Can I kayak if I don’t know how to swim?

Sometimes people ask us, Can I kayak if I don’t know how to swim?” and we always answer  YES, provided that the considerations listed below have been attended to.  It is important to note that we are talking about kayaking in the calm, slow-moving waters of South Australia’s Murray River and side creeks , where the bank is never too far away.  (We don’t recommend ocean kayaking or white-water kayaking for non-swimmers.)


Life Jackets

  • According to marine law in South Australia  you MUST wear a PFD at all times when kayaking. (PFD stands for Personal Flotation Device).
  • Our quality PFDs have plenty of adjustment to make them fit well and feel comfortable.  We insist that you wear them and check that they are fitted correctly.   Wearing one of these makes you unsinkable, so even if you do tip in, the jacket will stop you from sinking.
  • (Note however that a PFD is not a “life jacket” in the sense that it will rotate an unconscious person to float face up – not that we see any reason why kayaking should cause you to become unconscious.)


  • Fear is the biggest problem for kayakers who don’t know how to swim,  Even though the life jacket will make you unsinkable, some people, with a strong fear of the water, may panic if they tip in.  A panic-ing person is less likely to act rationally, and may cause problems for themselves and their fellow kayakers .   If you think that you might panic if you tip in, we suggest some trial time in a PFD, in a pool or the river, so that you can reassure yourself that the jacket will indeed keep you up and there is no cause for alarm.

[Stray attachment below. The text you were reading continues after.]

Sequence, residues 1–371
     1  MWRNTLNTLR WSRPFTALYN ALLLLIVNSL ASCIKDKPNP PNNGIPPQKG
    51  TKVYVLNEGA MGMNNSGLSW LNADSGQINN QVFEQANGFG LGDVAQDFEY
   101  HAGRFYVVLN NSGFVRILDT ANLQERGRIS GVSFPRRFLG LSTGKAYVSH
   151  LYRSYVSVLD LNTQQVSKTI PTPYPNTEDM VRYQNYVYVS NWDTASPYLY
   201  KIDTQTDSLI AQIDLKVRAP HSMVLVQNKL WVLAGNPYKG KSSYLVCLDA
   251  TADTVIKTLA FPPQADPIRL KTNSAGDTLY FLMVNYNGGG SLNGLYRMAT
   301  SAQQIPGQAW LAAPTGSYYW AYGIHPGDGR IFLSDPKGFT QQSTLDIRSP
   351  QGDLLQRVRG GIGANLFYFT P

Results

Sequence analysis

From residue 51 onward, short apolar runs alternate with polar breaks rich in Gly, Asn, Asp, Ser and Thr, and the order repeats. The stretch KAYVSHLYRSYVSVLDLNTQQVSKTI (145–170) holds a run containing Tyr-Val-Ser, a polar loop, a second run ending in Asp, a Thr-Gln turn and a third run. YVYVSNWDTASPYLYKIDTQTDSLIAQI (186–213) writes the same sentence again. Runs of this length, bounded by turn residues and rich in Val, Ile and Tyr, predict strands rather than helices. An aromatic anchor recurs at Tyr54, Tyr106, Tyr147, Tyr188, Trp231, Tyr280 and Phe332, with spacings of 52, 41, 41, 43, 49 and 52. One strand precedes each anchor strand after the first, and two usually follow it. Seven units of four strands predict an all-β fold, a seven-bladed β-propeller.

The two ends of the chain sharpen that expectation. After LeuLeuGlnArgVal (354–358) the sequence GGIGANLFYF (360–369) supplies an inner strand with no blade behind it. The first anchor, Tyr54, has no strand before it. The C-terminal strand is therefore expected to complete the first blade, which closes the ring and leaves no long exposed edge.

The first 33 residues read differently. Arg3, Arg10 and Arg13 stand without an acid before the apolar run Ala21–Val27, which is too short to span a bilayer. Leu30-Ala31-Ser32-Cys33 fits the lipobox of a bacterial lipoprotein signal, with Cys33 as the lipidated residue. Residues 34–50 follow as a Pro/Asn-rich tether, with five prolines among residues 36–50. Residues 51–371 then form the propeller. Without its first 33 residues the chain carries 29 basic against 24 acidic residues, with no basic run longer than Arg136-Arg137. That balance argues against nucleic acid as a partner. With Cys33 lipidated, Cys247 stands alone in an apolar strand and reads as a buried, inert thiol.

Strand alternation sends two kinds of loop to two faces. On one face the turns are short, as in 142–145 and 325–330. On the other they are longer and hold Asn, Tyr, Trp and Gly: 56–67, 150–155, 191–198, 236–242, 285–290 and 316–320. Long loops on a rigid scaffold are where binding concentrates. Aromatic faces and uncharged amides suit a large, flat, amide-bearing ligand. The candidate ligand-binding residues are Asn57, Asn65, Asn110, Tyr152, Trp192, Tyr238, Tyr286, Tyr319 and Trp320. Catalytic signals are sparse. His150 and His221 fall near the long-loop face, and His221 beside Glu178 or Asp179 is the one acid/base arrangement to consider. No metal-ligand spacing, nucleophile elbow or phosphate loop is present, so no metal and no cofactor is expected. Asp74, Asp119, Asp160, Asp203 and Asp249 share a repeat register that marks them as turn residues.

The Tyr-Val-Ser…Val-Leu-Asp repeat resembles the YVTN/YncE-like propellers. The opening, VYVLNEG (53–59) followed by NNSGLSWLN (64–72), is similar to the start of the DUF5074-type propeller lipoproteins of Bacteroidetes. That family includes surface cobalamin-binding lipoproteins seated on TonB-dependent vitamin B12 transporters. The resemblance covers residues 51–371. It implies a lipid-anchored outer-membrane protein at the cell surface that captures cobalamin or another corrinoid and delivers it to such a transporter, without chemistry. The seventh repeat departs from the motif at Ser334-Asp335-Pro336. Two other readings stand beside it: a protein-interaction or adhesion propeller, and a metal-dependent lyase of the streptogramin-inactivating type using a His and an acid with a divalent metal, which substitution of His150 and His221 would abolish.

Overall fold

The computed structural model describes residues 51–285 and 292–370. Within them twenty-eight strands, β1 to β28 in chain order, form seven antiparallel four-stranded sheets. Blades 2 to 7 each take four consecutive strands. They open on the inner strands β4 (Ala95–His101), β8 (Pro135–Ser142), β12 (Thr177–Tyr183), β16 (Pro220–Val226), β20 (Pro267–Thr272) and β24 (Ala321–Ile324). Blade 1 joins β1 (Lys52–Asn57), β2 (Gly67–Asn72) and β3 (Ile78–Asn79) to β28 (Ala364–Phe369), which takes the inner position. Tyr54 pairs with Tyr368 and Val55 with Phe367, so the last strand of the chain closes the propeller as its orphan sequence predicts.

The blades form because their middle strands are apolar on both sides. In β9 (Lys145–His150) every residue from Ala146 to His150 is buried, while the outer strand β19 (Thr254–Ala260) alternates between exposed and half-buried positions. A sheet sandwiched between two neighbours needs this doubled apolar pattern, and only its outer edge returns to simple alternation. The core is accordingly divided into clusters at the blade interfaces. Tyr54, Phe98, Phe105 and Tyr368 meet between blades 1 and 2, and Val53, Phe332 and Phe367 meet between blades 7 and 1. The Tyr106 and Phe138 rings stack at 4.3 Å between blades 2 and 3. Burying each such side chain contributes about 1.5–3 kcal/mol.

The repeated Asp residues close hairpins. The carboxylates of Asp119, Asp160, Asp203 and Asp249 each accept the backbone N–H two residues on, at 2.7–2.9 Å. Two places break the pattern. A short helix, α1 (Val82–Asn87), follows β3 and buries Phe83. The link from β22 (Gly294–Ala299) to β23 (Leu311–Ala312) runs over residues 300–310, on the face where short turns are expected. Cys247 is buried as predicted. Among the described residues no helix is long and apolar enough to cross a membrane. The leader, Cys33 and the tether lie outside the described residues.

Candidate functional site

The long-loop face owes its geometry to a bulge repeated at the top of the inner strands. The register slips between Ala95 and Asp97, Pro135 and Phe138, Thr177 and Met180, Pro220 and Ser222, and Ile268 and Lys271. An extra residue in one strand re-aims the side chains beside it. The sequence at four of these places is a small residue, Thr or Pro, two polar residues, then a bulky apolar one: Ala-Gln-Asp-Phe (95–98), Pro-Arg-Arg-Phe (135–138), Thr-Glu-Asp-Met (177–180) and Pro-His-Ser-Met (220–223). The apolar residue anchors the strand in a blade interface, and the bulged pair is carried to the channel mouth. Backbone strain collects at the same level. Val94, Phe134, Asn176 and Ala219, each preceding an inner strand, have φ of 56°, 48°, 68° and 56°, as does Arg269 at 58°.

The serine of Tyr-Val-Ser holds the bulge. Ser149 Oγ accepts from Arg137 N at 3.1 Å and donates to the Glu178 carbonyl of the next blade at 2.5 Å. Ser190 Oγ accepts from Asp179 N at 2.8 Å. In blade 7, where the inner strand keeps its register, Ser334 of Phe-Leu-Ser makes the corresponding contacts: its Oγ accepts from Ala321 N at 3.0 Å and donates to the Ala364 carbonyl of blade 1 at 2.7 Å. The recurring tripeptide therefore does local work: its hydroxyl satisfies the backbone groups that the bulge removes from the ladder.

• If you DO fall in, you can be assured that all of our cockpits are wide and open – you won’t get trapped in.

You’re unlikely to fall in because

  • We won’t run tours or hire out kayaks in dangerously windy or high-flow conditions.
  • Our kayaks and canoes have been selected for their stability – it is very rare for anyone paddling with us to fall in.

But – what if I do tip in?

If you’re on a tour, our qualified and experienced guide/instructor will be there to help.  He  will ask you to hold onto his kayak while he empties the water out of yours, Then he will instruct you on how to get back in, and give you a hand.  If getting back in is too hard for you, he will help you to the side of the creek and assist you there.  He’ll also have a towel handy if needed and a hot cuppa.  You can view the technique here.

If you’re hiring, rather than going on a guided tour, so our experienced staff are not there to help in the rare event of a capsize, we recommend

  1.  Leave the kayak upside down (if that’s how it ended up)  turning it over will  scoop it full of water, making it instantly far, far heavier and harder to handle.
  2. Simply kick your legs to push/pull your kayak back to shore, empty it out, and start again.  We strongly suggest that a non-swimmer always go kayaking with someone who knows what they are doing.  It is not good practice for anyone to go kayaking alone.

Not sure and want to discuss it more? – give us a ring – 04211 676 45

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